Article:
I have been a technology integrator for more than two decades, and many consider me an industry expert. I have been quoted in the Wall Street Journal, Forbes, Worth, USA Today, and many other publications. My firm has won over a hundred industry awards, and our systems have been featured in world-famous media outlets like E!, HGTV, Fox, NBC, Architectural Digest, and Esquire. Not to boast, but on paper I look pretty impressive. Trust me, I am pretty underwhelming in person, but my team has accomplished a lot of cool stuff over the years.
I bring all of this up because I think I’m a pretty obvious choice if you want a top-tier integrator to deck out your new home with the latest and greatest technologies. Maybe I’m not the only choice, but at least a top contender, right?
Well, the reality is that most homeowners don’t really factor any of that stuff in when they choose a technology integrator. They tend to make really bad decisions and hire really bad integrators—or worse, they let some other trade like electricians,
A private equity firm that wanted to invest in the luxury home automation market recently surveyed homeowner’s who purchased home technology systems. The results were staggering. Over 50% of homeowners with home automation systems were “unsatisfied” with their technology. This is a lower satisfaction rate than cable companies and cellphone companies (historically the lowest industry satisfaction rates). So again, what is the dirty little secret?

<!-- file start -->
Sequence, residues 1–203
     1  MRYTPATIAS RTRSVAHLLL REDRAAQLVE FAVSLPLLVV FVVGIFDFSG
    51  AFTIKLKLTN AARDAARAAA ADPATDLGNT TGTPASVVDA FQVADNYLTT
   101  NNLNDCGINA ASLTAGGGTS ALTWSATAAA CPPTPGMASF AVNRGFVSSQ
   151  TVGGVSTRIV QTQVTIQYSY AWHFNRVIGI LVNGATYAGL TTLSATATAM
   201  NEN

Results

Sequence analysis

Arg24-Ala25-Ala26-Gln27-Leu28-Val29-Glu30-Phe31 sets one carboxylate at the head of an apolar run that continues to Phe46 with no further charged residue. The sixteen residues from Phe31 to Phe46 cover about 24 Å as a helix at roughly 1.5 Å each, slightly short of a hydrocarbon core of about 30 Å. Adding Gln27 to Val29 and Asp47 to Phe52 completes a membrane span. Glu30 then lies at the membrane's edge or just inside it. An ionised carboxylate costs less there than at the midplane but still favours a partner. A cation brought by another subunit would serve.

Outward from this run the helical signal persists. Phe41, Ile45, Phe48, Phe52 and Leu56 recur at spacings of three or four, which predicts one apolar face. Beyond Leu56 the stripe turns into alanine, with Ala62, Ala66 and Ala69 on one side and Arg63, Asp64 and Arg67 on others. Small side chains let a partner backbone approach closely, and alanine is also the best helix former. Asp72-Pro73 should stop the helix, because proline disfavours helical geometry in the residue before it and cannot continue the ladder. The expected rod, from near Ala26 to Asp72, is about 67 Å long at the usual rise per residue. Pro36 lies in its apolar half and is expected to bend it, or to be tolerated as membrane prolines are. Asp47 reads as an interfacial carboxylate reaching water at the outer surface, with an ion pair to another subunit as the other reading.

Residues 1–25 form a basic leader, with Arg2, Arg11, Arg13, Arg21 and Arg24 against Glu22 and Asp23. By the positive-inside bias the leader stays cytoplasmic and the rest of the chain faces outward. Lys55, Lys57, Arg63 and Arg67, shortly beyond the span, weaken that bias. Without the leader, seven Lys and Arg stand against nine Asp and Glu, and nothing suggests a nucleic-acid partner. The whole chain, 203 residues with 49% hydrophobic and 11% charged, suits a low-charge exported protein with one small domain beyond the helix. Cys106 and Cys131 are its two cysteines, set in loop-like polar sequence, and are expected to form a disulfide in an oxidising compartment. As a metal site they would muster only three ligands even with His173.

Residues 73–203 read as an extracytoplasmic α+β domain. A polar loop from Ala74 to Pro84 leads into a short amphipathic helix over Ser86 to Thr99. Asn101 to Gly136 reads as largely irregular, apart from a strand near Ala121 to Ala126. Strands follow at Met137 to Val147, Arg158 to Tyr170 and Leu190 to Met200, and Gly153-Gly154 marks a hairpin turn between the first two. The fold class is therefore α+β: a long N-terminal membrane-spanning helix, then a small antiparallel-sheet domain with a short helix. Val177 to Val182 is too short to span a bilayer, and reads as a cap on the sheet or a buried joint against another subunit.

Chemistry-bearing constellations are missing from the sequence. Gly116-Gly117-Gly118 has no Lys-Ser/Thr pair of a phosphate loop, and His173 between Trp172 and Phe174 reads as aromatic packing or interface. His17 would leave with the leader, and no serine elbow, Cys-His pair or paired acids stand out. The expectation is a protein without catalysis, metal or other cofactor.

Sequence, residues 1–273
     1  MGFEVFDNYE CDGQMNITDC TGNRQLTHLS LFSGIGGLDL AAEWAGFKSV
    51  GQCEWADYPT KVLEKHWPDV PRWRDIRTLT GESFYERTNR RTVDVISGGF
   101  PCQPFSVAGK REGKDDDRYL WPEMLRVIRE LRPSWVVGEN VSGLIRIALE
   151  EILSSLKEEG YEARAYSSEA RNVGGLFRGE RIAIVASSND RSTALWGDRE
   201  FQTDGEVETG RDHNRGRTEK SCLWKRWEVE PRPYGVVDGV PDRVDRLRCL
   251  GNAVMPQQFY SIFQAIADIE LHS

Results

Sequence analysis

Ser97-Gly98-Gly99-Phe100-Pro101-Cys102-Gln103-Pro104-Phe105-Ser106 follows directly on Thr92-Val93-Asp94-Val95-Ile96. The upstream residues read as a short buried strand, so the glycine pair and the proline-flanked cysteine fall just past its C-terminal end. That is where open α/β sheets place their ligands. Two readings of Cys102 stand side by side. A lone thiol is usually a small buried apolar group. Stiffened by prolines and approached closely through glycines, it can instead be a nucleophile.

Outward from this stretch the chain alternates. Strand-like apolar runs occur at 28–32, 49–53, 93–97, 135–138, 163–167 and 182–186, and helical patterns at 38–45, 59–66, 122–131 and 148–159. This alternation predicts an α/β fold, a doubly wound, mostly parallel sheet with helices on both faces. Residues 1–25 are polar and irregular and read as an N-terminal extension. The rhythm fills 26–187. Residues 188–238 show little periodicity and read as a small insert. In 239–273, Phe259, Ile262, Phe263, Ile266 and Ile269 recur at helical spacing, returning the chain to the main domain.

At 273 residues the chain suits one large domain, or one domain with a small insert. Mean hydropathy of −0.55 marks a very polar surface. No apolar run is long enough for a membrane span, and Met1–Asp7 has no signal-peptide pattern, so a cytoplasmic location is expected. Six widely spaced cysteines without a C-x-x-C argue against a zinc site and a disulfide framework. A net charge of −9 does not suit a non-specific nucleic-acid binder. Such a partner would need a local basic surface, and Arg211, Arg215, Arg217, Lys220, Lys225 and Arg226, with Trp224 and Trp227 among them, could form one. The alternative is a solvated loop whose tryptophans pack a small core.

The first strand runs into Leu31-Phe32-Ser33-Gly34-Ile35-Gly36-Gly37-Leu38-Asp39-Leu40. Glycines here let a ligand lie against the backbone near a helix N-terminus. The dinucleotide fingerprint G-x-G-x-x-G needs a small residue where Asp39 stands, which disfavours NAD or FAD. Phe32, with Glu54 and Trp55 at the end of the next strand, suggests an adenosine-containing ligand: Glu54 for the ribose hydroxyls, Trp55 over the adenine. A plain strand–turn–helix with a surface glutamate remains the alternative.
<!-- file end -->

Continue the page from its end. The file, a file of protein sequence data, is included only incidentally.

Most installation firms . . . stink.
The AV and automation industry is the wild west. There is no government regulation, incredibly little formalized training, and in many states no licensing whatsoever is required. Anybody can pretty much hang their shingle and claim to be an AV expert regardless of their abilities. Even if there is a contractor’s license requirement, it has more to do with building guidelines than
installation for your brother-in-law may not be the right guy to completely automate your home with Crestron, Savant, or Lutron—or deliver that amazing home theater experience.
Most consumers approach this industry thinking that most companies are probably reputable, probably sell the same stuff, and roughly have the same technical knowledge. But the reality—as people in the industry know—is much different.
So how does someone hire the right firm? Here are some simple question to ask:
Can I speak to three recent clients with similar scope and size projects?
You don’t want to be a guinea pig for this firm. They should have a proven track record of similar projects.
These are just a few easy ones to get you towards making a good choice. The bottom line is, don’t hire a technology partner unless you ask the important questions and do some research. Remember, the chances of you having a happy tech experience is less than 50% unless you do a little homework. You don’t have to understand tech in order to pick a great company.